Freedom of expression and Baruch Spinoza

Starting from the principle that “It is not possible […] for a man to abdicate his thought and submit it absolutely to that of others”, Baruch Spinoza introduces the idea of freedom of expression.

Chapter XX of Baruch Spinoza’s Theological-Political Treatise (commonly abbreviated TTP) is subtitled:
“It is established that in a free state everyone has the right to think what he likes and to say what he thinks.”

The objective is indeed there: One can say what one wants, because one can think what one wants, and one can say what one thinks. The freedom to think is put first, then the freedom to be faithful to one’s thought, that is to say the freedom of expression. Because nobody can keep his thoughts secret.

Extract from the same Chapter XX:

If, then, no one can abdicate the free right he has to judge and feel for himself, if each person, by an imprescriptible right of nature, is the master of his own thoughts, does it not follow that it will never be possible in a State to attempt, without the most deplorable consequences, to compel men, whose thoughts and feelings are so diverse and even so opposed, to speak only in accordance with the prescriptions of the supreme power? Do the most skillful men, to say nothing of the people, know how to keep silent? Is it not a defect common to all men to confide to others the designs which they should keep secrets? It will therefore be a violent government that will deny citizens the freedom to express and teach their opinions; it will be a moderate government, on the contrary, that will grant them this freedom.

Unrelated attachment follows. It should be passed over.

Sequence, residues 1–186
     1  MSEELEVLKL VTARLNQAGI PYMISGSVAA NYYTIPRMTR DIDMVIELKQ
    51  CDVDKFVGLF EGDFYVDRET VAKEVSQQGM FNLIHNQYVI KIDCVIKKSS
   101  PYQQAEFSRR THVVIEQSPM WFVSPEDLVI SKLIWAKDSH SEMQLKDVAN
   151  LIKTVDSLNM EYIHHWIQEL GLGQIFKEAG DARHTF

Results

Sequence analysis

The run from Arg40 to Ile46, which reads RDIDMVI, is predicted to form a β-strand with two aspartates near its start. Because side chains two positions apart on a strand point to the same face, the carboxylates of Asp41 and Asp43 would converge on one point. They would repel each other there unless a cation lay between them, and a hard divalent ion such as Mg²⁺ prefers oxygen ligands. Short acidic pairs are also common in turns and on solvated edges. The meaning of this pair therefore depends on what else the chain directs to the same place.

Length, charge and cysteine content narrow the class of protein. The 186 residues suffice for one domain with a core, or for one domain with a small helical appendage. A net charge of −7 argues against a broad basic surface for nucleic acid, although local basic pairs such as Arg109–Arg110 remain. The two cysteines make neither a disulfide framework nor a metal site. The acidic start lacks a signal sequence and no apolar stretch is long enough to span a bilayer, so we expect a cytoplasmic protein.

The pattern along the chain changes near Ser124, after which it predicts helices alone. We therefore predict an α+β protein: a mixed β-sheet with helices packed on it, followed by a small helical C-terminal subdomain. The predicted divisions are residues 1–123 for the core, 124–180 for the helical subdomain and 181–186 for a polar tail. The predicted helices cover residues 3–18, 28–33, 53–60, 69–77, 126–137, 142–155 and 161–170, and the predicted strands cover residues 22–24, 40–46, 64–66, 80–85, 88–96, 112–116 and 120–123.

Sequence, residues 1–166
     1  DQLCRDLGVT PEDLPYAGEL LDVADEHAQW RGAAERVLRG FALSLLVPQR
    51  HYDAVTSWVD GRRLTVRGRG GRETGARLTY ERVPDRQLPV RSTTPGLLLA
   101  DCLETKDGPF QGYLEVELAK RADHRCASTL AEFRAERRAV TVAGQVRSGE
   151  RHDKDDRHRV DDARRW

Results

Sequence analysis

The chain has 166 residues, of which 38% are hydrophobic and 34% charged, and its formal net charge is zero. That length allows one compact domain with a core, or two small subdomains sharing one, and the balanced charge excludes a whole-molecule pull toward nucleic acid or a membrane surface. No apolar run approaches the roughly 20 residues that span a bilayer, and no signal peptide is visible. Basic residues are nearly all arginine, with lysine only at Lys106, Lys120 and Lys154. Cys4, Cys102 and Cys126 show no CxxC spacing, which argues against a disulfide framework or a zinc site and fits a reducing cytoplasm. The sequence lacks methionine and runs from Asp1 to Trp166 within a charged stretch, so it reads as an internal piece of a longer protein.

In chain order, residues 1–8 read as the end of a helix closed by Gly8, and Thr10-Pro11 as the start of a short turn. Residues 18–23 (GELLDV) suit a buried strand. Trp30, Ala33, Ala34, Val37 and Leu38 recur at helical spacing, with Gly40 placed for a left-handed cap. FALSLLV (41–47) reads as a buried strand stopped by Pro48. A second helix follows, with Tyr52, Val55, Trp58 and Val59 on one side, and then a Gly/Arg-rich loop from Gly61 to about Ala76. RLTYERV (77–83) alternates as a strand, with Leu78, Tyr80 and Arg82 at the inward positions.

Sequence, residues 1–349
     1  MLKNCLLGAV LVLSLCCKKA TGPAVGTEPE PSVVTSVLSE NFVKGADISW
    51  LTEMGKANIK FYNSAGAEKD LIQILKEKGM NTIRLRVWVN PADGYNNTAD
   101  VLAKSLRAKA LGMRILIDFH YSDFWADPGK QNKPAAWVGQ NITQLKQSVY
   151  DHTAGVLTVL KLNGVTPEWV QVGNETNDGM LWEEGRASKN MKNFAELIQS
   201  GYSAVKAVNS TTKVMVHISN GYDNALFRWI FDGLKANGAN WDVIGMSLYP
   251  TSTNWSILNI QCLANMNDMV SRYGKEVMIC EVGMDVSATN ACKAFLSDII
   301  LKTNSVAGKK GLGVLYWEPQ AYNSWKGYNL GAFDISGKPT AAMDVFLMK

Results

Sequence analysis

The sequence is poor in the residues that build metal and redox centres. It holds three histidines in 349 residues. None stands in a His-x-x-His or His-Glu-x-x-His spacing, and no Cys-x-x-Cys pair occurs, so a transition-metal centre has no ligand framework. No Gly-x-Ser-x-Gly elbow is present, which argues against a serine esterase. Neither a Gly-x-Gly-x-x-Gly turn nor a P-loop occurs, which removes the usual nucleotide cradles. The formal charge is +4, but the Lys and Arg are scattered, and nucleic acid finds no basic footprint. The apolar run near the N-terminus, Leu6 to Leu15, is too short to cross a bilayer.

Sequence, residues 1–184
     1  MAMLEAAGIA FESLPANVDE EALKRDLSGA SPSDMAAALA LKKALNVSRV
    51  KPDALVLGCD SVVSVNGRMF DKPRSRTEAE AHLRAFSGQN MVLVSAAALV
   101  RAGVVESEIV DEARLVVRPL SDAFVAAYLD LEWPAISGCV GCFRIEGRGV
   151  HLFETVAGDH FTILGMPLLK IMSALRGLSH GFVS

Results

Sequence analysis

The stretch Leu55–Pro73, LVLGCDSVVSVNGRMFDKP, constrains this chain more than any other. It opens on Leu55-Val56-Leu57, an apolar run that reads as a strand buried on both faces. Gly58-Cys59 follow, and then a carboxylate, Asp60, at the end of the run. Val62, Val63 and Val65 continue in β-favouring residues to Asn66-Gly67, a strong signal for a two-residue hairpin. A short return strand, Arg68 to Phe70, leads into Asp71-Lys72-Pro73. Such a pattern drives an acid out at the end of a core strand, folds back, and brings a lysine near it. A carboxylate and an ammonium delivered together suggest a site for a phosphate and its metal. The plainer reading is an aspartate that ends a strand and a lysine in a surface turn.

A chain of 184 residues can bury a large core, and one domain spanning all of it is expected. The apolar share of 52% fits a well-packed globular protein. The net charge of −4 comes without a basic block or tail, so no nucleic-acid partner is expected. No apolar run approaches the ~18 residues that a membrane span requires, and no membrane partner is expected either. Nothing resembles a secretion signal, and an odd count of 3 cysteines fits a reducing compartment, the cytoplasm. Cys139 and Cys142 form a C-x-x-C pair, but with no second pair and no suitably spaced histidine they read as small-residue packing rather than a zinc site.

Baruch Spinoza – TTP – Chapter XX

It is even in the interest of the State not to censor opinions.

If we want to obtain from citizens not forced obedience but sincere loyalty, if we want the sovereign to keep a firm grip on authority and not be obliged to bend under the efforts of seditionists, we must of necessity allow freedom of thought, and govern men in such a way that, while they are openly divided in their sentiments, they nevertheless live in perfect harmony.

Baruch Spinoza – TTP – Chapter XX

Indeed, citizens can think what they want anyway. If they are forced to speak differently from what they think, good faith will be lost. But good faith is essential to the state.

Finally, let us recall that Baruch Spinoza himself experienced at close quarters the consequences of a lack of freedom of expression, rather by the religious authorities than by the state authorities, when he was expelled from the Jewish community for heresy.

General Knowledge: the Secret